Developing an ML model is rarely a one-shot deal: it often involves multiple stages of defining the model architecture and tuning hyper-parameters before converging on a final set. Responsible model evaluation is a key part of this process, and 🤗 Evaluate is here to help!
Here are some things to keep in mind when evaluating your model using the 🤗 Evaluate library:
Good evaluation generally requires three splits of your dataset:
- train: this is used for training your model.
- validation: this is used for validating the model hyperparameters.
- test: this is used for evaluating your model.
Many of the datasets on the 🤗 Hub are separated into 2 splits:
validation; others are split into 3 splits (
test) — make sure to use the right split for the right purpose!
Some datasets on the 🤗 Hub are already separated into these three splits. However, there are also many that only have a train/validation or only train split.
If the dataset you’re using doesn’t have a predefined train-test split, it is up to you to define which part of the dataset you want to use for training your model and which you want to use for hyperparameter tuning or final evaluation.
Depending on the size of the dataset, you can keep anywhere from 10-30% for evaluation and the rest for training, while aiming to set up the test set to reflect the production data as close as possible. Check out this thread for a more in-depth discussion of dataset splitting!
While many academic datasets, such as the IMDb dataset of movie reviews, are perfectly balanced, most real-world datasets are not. In machine learning a balanced dataset corresponds to a datasets where all labels are represented equally. In the case of the IMDb dataset this means that there are as many positive as negative reviews in the dataset. In an imbalanced dataset this is not the case: in fraud detection for example there are usually many more non-fraud cases than fraud cases in the dataset.
Having an imbalanced dataset can skew the results of your metrics. Imagine a dataset with 99 “non-fraud” cases and 1 “fraud” case. A simple model that always predicts “non-fraud” cases would give yield a 99% accuracy which might sound good at first until you realize that you will never catch a fraud case.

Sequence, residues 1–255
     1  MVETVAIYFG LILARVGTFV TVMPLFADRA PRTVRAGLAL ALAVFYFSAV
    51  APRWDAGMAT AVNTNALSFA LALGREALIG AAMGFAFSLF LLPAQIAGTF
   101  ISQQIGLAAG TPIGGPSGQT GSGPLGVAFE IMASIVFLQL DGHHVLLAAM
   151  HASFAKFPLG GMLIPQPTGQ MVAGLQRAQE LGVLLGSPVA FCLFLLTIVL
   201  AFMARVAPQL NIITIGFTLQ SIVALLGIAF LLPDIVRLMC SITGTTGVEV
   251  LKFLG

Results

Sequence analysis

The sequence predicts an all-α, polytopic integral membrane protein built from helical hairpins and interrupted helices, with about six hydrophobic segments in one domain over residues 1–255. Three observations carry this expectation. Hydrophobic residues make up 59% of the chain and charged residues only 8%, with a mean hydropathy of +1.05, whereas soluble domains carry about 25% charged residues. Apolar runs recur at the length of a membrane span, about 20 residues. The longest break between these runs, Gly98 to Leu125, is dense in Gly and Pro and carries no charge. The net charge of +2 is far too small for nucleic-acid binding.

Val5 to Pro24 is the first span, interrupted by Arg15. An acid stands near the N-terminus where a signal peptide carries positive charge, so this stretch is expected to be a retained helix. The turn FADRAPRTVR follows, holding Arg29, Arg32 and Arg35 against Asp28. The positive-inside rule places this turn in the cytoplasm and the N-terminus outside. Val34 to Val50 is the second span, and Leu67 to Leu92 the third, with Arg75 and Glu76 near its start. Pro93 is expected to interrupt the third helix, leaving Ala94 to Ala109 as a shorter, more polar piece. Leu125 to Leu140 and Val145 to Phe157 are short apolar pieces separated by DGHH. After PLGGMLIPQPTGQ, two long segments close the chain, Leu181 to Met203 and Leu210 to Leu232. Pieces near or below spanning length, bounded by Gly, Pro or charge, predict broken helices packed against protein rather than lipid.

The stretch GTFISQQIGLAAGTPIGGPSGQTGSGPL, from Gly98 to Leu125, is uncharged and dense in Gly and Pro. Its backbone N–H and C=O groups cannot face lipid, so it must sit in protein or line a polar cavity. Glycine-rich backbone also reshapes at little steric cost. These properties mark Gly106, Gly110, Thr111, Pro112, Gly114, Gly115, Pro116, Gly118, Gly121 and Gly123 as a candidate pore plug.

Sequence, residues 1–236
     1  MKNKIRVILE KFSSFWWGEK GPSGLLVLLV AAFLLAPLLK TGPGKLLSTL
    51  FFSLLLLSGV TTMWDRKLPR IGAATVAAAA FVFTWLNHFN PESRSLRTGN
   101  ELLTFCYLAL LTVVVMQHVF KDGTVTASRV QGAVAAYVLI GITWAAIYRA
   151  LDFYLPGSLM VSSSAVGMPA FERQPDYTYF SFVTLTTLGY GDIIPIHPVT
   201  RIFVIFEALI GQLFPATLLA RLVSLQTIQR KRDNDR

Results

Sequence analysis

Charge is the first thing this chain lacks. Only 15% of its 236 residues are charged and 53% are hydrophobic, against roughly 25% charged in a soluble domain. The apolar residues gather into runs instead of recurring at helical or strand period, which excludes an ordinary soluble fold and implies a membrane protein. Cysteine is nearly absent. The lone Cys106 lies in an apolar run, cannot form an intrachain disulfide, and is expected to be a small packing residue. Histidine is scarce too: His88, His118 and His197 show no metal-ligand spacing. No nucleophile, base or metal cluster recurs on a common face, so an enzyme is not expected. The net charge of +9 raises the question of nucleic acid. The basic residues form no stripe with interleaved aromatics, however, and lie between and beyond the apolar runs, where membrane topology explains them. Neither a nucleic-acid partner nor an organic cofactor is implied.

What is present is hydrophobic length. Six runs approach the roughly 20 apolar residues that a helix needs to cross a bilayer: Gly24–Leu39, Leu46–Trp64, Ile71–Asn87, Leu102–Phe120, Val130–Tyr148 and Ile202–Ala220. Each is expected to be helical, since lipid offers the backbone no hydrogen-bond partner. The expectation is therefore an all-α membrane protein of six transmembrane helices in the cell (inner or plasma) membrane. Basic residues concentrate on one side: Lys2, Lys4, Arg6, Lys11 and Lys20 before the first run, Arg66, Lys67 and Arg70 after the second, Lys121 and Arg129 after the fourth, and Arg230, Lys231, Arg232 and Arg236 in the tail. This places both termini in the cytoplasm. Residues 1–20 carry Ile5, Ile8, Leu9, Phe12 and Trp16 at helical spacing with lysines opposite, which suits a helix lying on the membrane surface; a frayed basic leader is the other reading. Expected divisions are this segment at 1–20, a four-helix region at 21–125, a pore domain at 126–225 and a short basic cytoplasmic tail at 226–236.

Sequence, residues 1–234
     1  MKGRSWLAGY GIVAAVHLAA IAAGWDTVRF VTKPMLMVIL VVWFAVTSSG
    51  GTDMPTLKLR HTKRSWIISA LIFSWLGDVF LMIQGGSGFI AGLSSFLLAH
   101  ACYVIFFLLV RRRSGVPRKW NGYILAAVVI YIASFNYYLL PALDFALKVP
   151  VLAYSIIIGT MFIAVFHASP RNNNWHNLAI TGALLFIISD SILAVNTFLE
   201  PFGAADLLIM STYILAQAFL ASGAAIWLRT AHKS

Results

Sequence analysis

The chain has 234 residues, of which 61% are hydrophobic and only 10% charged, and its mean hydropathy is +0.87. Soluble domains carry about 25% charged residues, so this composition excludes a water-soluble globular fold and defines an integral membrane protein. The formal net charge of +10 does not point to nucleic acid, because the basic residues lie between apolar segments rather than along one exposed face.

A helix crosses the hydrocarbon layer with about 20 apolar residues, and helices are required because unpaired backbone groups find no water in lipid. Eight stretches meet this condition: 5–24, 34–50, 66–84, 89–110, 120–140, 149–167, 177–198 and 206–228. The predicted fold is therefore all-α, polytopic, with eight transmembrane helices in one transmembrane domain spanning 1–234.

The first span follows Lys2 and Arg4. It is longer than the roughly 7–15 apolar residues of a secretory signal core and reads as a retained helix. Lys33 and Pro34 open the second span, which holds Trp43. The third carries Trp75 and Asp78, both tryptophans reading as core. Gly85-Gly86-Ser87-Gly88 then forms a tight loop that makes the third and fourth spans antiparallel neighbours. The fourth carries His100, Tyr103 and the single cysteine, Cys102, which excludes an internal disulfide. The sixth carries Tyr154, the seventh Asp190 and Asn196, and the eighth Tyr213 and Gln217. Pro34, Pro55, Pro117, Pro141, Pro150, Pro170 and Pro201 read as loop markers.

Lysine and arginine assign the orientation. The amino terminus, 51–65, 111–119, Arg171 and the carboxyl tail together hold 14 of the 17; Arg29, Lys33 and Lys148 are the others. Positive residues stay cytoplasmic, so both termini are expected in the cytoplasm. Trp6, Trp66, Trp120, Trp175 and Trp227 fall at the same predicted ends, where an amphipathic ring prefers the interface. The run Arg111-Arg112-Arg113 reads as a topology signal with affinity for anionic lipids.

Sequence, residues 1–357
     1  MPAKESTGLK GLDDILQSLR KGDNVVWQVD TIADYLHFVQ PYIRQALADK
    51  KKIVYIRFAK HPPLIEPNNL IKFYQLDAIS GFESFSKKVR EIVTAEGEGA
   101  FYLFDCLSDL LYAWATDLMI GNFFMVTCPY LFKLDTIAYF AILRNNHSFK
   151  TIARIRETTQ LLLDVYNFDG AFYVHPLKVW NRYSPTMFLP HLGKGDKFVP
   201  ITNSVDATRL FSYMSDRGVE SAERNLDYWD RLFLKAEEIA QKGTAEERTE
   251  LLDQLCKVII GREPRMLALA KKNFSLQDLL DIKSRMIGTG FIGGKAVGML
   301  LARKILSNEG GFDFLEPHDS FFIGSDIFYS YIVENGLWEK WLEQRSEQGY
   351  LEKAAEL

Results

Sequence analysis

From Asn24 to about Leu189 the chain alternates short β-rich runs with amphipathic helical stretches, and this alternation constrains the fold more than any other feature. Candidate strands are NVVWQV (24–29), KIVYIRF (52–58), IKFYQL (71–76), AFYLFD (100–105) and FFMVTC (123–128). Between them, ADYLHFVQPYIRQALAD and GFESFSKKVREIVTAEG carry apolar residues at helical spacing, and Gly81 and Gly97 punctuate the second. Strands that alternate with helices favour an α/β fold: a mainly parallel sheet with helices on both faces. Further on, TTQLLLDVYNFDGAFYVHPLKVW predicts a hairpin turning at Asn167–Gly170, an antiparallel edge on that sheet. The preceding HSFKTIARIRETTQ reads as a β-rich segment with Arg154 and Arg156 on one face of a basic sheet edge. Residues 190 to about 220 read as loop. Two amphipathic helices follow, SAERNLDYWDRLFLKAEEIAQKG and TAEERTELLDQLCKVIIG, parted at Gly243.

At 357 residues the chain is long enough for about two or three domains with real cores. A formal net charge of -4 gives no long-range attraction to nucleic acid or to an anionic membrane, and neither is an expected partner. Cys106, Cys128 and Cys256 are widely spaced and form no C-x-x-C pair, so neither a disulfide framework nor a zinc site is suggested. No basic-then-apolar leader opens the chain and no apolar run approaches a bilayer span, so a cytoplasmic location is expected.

Often, using more than one metric can help get a better idea of your model’s performance from different points of view. For instance, metrics like recall and precision can be used together, and the f1 score is actually the harmonic mean of the two.
In cases where a dataset is balanced, using accuracy can reflect the overall model performance:
In cases where there is an imbalance, using F1 score can be a better representation of performance, given that it encompasses both precision and recall.
Using accuracy in an imbalanced setting is less ideal, since it is not sensitive to minority classes and will not faithfully reflect model performance on them.
There are multiple ways to evaluate models, and an important distinction is offline versus online evaluation:
Offline evaluation is done before deploying a model or using insights generated from a model, using static datasets and metrics.
Online evaluation means evaluating how a model is performing after deployment and during its use in production.
These two types of evaluation can use different metrics and measure different aspects of model performance. For example, offline evaluation can compare a model to other models based on their performance on common benchmarks, whereas online evaluation will evaluate aspects such as latency and accuracy of the model based on production data (for example, the number of user queries that it was able to address).